BuildingTrust

Co-Creation at Colouring Dresden

Problem statement

Cities and municipalities are facing a number of challenges today. These include the creation of new living space, the achievement of local authority climate targets, rising energy costs and new legislation which, for example, obliges cities to draw up heat plans. One major challenge here is that the building data required to solve the problem is only available in fragmented form in data silos of different players. Providing the building data is time-consuming, as it is held by various stakeholders, including owners, municipal offices, land registry offices, energy companies, property portals, banks and funding providers. With a data trustee for the building sector, these data silos could be broken up and new data products and services could be created that, for example, provide owners with targeted support when applying for funding for refurbishment measures. With suitable contractual and technical framework conditions, they can enable a smooth exchange of (anonymised and encrypted) data between organisations and citizens. This allows citizens to confidently share data with companies or state institutions and benefit from it. However, the use of these data intermediaries is not a foregone conclusion. The disclosure of data is often associated with concerns for stakeholders and legal issues for state institutions. Accordingly, a building data trustee must have a suitable technical, organisational and legal structure so that it can create a basis of trust as an independent intermediary and have the desired effect.

Goal(s)

The aim of the joint project "BuildingTrust" is to develop a modular data trustee for building data that motivates users to provide, maintain and exchange (personal) data in anonymised form. A self-determined data trustee is intended to generate added value for data providers and data recipients and create trust for sharing data. As part of the project, the use of data trustees is to be tested for various use cases, such as the creation of energy certificates, the donation of energy billing data or digital support for refurbishment applications.

The overarching question of the project is: What aspects motivate stakeholders in the building sector to provide, maintain and exchange anonymised data via a data trustee?

With "Colouring Dresden", the IOER is providing an experimental use case for data trustees in the context of citizen science. With Colouring Dresden, citizens can enter data on buildings via an interactive platform and contribute to research and the sustainable development of the building stock. It is hypothesised that the implementation of data trust models will help to increase citizens' trust in data donation, improve data quality and protect privacy, potentially enabling sustainable use of the collected data for urban development. Within the Citizen Science project, data trust models will be tested and analysed to what extent they facilitate the donation of data. In addition, data trust models should help to promote citizens' understanding of data trusteeship and acceptance of the value of their data.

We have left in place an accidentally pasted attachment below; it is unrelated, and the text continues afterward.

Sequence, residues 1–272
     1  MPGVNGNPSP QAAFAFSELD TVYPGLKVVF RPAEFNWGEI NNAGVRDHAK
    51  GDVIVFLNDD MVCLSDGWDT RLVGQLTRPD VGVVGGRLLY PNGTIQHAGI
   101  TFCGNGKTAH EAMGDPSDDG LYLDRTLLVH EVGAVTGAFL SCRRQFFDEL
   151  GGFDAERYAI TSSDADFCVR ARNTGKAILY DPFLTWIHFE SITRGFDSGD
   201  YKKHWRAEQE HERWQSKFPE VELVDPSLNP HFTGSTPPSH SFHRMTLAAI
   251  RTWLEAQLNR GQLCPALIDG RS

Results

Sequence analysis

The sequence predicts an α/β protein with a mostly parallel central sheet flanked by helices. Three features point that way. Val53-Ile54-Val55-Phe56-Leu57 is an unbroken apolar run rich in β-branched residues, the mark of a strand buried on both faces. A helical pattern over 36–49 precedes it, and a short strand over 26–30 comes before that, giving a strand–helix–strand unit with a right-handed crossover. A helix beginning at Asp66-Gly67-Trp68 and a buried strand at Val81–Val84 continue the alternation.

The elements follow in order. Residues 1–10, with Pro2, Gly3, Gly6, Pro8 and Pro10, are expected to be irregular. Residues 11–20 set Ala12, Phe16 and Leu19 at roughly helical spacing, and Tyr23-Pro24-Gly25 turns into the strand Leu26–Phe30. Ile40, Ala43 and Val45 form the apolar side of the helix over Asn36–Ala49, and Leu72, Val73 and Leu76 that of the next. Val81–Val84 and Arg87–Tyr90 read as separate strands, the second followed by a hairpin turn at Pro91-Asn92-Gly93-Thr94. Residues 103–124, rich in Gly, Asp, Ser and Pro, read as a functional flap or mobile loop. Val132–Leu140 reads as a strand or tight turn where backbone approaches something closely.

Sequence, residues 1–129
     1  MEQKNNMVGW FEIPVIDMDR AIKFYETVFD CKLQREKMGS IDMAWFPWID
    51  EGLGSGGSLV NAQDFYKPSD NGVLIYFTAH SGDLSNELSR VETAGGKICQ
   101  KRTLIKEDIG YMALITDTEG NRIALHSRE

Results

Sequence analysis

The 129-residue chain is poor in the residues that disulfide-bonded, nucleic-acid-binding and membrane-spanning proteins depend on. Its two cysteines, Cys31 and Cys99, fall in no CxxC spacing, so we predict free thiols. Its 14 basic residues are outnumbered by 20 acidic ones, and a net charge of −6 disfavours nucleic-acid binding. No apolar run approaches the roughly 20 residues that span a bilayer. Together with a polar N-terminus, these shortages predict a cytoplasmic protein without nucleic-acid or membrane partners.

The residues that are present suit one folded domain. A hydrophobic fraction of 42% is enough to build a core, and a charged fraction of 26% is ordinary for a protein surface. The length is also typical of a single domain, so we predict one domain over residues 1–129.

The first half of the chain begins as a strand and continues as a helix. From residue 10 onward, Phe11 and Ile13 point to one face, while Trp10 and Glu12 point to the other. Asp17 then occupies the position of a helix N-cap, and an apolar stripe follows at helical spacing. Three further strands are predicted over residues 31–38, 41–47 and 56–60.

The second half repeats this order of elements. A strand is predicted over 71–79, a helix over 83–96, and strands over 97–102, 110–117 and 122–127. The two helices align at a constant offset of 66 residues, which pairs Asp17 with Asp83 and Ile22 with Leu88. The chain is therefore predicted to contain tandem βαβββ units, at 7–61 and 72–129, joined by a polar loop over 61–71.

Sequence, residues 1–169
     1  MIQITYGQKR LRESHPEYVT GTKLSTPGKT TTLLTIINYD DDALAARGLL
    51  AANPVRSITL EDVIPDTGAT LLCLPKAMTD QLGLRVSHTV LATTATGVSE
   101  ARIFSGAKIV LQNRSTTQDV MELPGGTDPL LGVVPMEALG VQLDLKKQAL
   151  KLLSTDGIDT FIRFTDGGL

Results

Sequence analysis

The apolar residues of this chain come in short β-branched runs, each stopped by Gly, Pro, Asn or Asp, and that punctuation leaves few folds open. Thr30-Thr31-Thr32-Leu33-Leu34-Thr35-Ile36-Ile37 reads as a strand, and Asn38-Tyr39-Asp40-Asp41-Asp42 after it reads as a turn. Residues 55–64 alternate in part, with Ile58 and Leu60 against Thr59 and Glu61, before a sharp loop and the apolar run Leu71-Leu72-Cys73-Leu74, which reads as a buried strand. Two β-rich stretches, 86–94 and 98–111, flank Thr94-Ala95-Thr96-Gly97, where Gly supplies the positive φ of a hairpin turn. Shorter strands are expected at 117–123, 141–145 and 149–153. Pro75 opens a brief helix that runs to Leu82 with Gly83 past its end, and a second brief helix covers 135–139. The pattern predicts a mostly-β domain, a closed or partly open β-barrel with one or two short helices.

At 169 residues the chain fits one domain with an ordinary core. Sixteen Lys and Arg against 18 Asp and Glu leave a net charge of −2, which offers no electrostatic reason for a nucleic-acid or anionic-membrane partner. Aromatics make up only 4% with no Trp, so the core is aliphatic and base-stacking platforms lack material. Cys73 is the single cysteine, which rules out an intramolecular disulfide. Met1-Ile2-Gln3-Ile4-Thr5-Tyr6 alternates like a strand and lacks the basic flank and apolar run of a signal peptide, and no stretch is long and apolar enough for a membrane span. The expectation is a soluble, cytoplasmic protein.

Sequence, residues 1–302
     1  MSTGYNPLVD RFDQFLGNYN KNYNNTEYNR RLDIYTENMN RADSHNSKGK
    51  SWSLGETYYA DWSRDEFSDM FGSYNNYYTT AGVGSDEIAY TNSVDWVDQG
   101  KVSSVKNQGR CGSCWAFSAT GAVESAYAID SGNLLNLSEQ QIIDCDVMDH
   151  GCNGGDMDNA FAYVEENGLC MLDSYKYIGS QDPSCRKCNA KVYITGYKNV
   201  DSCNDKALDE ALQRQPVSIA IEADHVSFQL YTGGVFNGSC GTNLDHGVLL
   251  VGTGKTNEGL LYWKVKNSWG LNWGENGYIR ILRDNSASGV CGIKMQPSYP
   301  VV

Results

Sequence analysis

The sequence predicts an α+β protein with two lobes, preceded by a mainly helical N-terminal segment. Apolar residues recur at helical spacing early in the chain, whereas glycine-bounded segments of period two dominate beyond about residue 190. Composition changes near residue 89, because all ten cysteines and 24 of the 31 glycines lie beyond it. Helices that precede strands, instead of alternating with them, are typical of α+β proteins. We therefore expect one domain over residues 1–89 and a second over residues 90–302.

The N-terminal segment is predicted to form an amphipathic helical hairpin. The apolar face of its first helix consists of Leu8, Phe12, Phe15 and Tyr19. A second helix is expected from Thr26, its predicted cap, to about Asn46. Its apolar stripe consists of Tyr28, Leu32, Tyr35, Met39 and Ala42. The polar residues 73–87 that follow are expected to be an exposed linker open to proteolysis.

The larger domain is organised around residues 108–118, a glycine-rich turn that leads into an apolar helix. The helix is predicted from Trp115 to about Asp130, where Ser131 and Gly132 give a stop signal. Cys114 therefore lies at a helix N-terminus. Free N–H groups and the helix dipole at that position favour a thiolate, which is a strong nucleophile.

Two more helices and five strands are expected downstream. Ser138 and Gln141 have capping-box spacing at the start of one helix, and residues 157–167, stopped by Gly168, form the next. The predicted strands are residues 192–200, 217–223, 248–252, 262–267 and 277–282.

Approach

The project is divided into the following phases in order to achieve the objectives: Firstly, the co-creative development of the energy tile and the data trust product will take place with various stakeholders from the energy industry, civil society, research and administration. The energy tile is then programmed and implemented. This is followed by a trial in a neighbourhood with accompanying campaigns to promote the use of the tile. The results are analysed before the project ends with a final workshop and a vote of thanks to the participants.

Results

As part of the project, a data trust model for "Colouring Dresden" will be co-creatively developed and tested. The code, data, documentation and publications created in this context will be made available via the IOER-FDZ Open Access. The research and development of incentive systems for the use of data trustee models is at the core of the project and is intended to minimise the barriers to the use of data trustees in the building context. By testing the data trustee models and abstracting the findings, the research network is expected to make a significant contribution to the theory and practice of data trustee models and citizen science.

The Leibniz Institute of Ecological Urban and Regional Development is jointly funded by the federal government and the federal states.

FS Sachsen

This measure is co-financed by tax funds on the basis of the budget approved by the Saxon State Parliament.